FIRMITAS, UTILITAS, AND VENUSTAS

Consider the economy and structural integrity achieved in the deck chair (Figures 5.9 and 5.10) designed by the Danish architect Erling Christoffersen and fabricated by R0nne & Askou. The individual elements of the lounge are relatively flexible when unassembled, but as the contoured wood planes are drawn tight, the lounge transforms and becomes rigid.

A solid walnut trestle table (Figure 5.11) is detailed differently than a veneered table (Figure 5.12). This is so because lumber expands and contracts due to changes in humidity, while veneer demands a stable substrate. A solid lumber table must allow for expansion and contraction perpendicular to the wood’s grain or the design will fail.

Danish furniture designer B0rge Mogensen (1914-1972) was trained as a cabinetmaker. His Windsor-type armchair (1944) is remarkable in its structural integrity and the economy of its parts (Figure 5.13). As in most Windsor chairs, both legs and stretchers are turned with increased thickness where they receive smaller members. The back spindles are placed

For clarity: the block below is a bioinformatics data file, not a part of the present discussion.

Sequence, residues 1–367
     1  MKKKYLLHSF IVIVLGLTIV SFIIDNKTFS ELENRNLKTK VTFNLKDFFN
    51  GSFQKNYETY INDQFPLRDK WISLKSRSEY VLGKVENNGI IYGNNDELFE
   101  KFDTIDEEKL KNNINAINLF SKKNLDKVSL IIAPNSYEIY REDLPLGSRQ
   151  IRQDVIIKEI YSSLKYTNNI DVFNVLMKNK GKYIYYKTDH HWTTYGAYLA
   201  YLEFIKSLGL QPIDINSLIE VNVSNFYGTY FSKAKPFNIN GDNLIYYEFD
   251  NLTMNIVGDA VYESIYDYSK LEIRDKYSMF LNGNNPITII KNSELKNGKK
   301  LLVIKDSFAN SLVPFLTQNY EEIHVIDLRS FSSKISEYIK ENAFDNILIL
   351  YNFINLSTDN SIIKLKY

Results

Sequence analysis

Подпись: Figure 5.12 Veneered table, designed by Jim Postell (2002), fabricated by Contract Fixtures, Inc. Photography by Jim Postell.
Подпись: Figure 5.13 Windsor-type armchair fabricated by Borge Mogensen (1944). Drawing by Randi Sigrid Andersen and Elsebeth Balslow, DKDS students. Courtesy of Jens Overbye, Lecturer, Interior Architect, MDD.

in compression, and the curved outer member is in tension as pressure is applied to the back. The open spindles are ideal solutions for outdoor settings, allowing breezes to pass through without blowing the chair over. The chair’s seat is generally made from solid wood, gently carved out to create a concave shape for comfort. The Windsor chair was originally called the stick chair, first appearing in the early 1700s. By the mid-1700s, the generic design was widely in use (Figure 5.14). There are many variations of the Windsor-type arm­chair, all of which are lightweight and durable.